Send In The Clowes
Long before he co-wrote the screenplay for Terry Zwigoff’s film of his graphic novel Ghost World, Daniel Clowes was directing his cast of characters, including himself, in his comics. He understands the addictive dream-making of cinema, which seeps into his stories, and his storytelling techniques, and triggers recurring themes - the illusions of celebrity, romance and individual expression, the yearning for more than our mundane reality.
Ask Clowes when he was born, and he’ll tell you, "1961, on Jayne Mansfield’s 29th birthday". He knows what it’s like for so many young Americans growing up numbed by consumerism and obsessed with pop culture. Out of this stew he concocted his first solo comic, Lloyd Llewellyn, when he was 23, but its retro-coolness was too glacial and uninvolving and Fantagraphics canned it.
At this low point, with no regular comic and few prospects, he rushed into a marriage which quickly soured. After his wife walked out on him, at an even lower point, he immersed himself in the disturbing films of Bu–uel and other surrealists. To uncork his own subconscious, he took to working half-awake, half-dreaming, unplanned, uncensored.
The result was Like A Velvet Glove Cast In Iron, his first graphic novel serialised from 1989 in his revelatory Fantagraphics comeback Eightball. From its opening in a sleazy cinema, Clowes’ alter ego searches for his former girlfriend, whom he spots in an unsettling movie, only to fall victim to aggressive males, troubling females and another sinister film shoot. His experiences defy reason but pull you in squirming, ensnaring you in their nightmare logic. Only when he’d completed it did Clowes understand what it was about, "the minutiae of my relationship with my ex-wife, and the power struggles that went on." A last painful, purgative love letter.
Eightball unveiled another side to Clowes, his seething documentary-style satires of modern America. In Velvet Glove he imagines the horrors a tacky Hollywood version of his book would inflict, while bitter experience fills Art School Confidential, soon to be a Drew Barrymore film scripted by Clowes and Zwigoff. When his shocking Freudian analysis On Sports was reprinted last year in San Antonio’s top weekly paper, it prompted advertising boycotts and demands from sports fans for the paper to be destroyed.
Clowes dissects the American comic book industry’s history of exploitation through the progress of one Dan Pussey from gullible fan to big-headed pro to pathetic hasbeen. Pussey! is a ‘How Not To’ guide that would make any aspiring comic book artist take his drawing board out and burn it. Clowes is as vitriolic towards the self-indulgent art comix crowd, which he supposedly belongs to, as he is to the mainstream spandex power-players. Beneath the loathing and fury, though, there’s a flicker of empathy for ‘Young Dan’, who shares Clowes’ first name, his year of birth, even his large front teeth, and whose fate might easily have been his. How else could he come up with heartfelt lines like "Why can’t there be more women like Matter-Transformer Lass?"?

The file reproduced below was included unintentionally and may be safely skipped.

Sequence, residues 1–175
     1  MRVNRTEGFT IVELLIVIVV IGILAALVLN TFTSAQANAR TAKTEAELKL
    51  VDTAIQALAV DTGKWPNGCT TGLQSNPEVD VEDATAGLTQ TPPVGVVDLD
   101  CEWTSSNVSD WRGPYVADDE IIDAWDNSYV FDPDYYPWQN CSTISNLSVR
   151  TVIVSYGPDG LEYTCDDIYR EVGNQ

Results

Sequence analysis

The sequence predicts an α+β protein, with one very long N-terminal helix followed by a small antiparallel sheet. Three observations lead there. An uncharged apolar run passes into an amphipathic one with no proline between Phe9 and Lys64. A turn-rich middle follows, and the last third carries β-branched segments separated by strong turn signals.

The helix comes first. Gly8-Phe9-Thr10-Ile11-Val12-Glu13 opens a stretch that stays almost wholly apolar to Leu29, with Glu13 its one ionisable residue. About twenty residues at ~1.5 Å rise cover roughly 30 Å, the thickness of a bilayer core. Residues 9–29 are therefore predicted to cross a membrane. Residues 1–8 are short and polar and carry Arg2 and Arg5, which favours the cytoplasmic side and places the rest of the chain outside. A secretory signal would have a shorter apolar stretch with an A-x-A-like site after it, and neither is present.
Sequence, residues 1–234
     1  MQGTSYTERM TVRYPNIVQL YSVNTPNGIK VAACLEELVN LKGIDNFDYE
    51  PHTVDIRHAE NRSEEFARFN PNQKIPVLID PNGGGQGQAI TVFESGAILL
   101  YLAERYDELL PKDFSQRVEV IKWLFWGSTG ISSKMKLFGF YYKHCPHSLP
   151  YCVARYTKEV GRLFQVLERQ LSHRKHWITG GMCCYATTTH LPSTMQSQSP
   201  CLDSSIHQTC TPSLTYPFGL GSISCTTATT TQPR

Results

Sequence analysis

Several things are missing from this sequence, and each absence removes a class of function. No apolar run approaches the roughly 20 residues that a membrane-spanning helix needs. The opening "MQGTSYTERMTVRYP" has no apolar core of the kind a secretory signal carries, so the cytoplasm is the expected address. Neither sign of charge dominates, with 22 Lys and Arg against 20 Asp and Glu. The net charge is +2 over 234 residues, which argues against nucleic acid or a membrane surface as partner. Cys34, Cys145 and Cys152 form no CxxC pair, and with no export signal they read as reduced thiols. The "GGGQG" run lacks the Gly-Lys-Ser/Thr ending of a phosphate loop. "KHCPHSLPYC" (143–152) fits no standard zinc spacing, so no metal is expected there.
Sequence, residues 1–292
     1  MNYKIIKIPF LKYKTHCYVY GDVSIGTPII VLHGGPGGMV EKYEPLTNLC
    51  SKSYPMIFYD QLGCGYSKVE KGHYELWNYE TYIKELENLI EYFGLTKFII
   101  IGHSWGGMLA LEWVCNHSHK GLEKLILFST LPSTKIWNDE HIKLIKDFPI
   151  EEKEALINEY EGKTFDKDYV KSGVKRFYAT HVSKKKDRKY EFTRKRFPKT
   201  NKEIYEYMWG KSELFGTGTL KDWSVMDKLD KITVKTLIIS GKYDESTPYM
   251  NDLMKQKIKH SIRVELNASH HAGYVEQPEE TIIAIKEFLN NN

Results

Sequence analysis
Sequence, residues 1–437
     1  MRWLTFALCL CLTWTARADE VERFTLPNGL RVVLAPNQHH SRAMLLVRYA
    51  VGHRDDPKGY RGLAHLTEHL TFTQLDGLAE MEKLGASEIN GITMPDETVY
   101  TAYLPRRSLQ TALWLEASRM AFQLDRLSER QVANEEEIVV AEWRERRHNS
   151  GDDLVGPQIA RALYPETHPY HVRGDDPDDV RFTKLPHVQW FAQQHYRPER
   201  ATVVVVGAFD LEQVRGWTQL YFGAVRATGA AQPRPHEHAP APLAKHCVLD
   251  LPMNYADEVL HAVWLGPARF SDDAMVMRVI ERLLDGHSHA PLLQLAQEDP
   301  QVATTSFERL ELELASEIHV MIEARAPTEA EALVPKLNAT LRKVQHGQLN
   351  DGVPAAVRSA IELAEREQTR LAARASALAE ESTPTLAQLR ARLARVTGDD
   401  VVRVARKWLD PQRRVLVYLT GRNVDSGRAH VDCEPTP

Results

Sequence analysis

Perhaps it takes an outsider to understand outsiders, which may explain why Clowes could realise such convincingly tender yet unpatronising portraits of contemporary American teenage girls in Ghost World. Surviving high-school hell brings two opposites together: confused, bespectacled Jewish extrovert Enid Coleslaw (an anagram of Clowes’s name) and her quiet, prettier blonde foil Rebecca Doppelmeyer, united in their contempt for conformity. Their fierce, contradictory closeness is tested and broken by the pressures of life after graduation, which force them to grow up and grow apart. Ghost World: The Movie is a different beast, remarkable that it got made at all, but the graphic novel offers a much darker focus on the self-destructive bewilderment of two girls’ waning adolescence.
Clowes works in a subtly different register in his lower key character studies, recounted in the first person and drawn more realistically, culminating in David Boring (Pantheon/Cape). Boring, a former film-maker in high school, lives as if he is directing a movie of his life, detached behind the camera, always casting for his ‘feminine ideal’, until he finds her and loses her. Estranged from his mother, abandoned by his comic artist father, David reads two panels every night, closely, from his father’s Yellow Streak comic, for clues to his parents’ lives and parallels to his own obsessive love story. David Boring rewards close reading too. Clowes is in total control of the precision editing and nuanced narration, which no film could fully capture. It’s the best movie he never made.
Posted: December 11, 2005
The original version of this article appeared in 2003 in the pages of Comics International, the UK’s leading magazine about comics.